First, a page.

Sport climbing, Trad climbing
Alpine climbing NCCS rating
Grade I
Elevation Gain
200.00 m (656.17 ft)
0.60 km (0.37 mi)
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Puerta de Diablo, literally, “The Devil’s Door,"  is located atop El Chulo Hill, meaning “place of the deserter” or “place of the fugitive." This now-popular tourist attraction, which serves as a means of getting away from the bustling streets of San Salvador, is comprised of three main rock structures with great views of the surrounding area. These three rock structures were once actually one solid peak, which broke apart in a torrential storm that pounded the area in 1762, sweeping away the soil and softer bits of rock and causing a huge collapse of the mountain. This also formed the iconic cave-like crack at the base of the northern boulder (a.k.a. the Naked Boulder).

Prior to the breaking of the mountain, the single summit was supposedly referred to as Naked Peak, which is why the three broken boulders are now referred by subsets of the original name. If standing back to the road, these boulders (left to right) are named: Naked, Little Naked, and Big Naked.

Between Naked and Little Naked Boulders, look through what appears to be a doorway in the mountain to the sea of forest stretching out endlessly, or you can hike to the top of either Naked or Big Naked boulders for stunning views overlooking Balboa Park from its highest point (1,250 m). You can see the city of San Salvador to one side and a lush green oasis framed by Lake Ilopango and the San Vicente volcano to the other. On a clear day, you can even see all the way south to the Pacific Ocean.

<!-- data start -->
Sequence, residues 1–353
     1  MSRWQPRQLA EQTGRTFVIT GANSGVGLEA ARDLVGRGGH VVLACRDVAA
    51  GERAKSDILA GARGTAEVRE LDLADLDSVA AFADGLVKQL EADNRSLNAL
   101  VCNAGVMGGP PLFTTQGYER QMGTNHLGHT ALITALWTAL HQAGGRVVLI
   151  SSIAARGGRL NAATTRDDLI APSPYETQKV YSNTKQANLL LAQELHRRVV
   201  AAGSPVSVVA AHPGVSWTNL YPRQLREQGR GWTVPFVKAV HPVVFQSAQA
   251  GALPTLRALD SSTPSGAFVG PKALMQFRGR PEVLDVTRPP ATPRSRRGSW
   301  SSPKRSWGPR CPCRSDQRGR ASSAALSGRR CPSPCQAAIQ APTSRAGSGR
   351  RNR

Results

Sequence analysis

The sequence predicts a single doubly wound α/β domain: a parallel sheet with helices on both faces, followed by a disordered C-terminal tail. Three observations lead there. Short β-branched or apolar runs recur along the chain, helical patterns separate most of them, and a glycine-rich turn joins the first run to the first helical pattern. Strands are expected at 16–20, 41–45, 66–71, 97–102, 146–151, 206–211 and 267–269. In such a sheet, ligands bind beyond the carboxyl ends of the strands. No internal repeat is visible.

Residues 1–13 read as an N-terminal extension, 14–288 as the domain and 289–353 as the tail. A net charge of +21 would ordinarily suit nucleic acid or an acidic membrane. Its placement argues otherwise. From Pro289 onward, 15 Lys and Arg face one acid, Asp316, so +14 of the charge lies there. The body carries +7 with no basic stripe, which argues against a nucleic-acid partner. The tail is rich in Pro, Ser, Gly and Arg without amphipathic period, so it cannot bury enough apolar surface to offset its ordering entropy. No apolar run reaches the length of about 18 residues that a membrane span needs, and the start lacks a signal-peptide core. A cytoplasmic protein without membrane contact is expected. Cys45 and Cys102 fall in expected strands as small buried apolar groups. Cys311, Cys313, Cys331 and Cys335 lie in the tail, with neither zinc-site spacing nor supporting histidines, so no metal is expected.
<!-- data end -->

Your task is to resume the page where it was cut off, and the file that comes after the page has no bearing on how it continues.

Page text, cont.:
Devil’s Door is considered the most developed crag in El Salvador. Generally speaking, standards are low given the country’s barely burgeoning climbing community. It has around 60 routes spread across 13 different walls, or sectors. While the area is quite popular among both locals and tourists for its scenic vistas and historical lore, the climbing itself is pretty unknown except for the small local climbing community. You should have most of the routes to yourself or at most a handful of others.

Historical Significance

While the place hardly looks demonic (rather than the opposite actually), it does have a dark past steeped in local lore about the formation of the site. According to one legend, Planes Renderos, the man after whom the region was named) had a beautiful daughter who attracted the attention of the Devil himself. The Devil courted the girl, much to the ire of her father, who began hunting the Devil so fiercely that he fled through the mountains, knocking a hole between the very stones themselves.

In no uncertain terms, the site was once used by the government of El Salvador, a trend that continued all the way through the country’s civil war from 1980 to 1992, in which over 75,000 civilians died. Prior to and during the conflict, Puerta de Diablo was used by the government as both an execution ground and mass burial site.

Today, the area is a popular spot to visit, but not linger. Local legend still prevents people from building in the area—hence the vast swaths of untouched forest—because strange accidents seem to happen on construction sites.

Getting There

By Car: From San Salvador, you can either drive about 45 minutes (the easiest option if you have it) by taking the Comalapa Highway toward the airport and exiting right toward Planes de Renderos and Panchimalo. From there, it’s pretty simple. Puerta de Diablo will be on your left, and you can park anywhere in the dirt lot.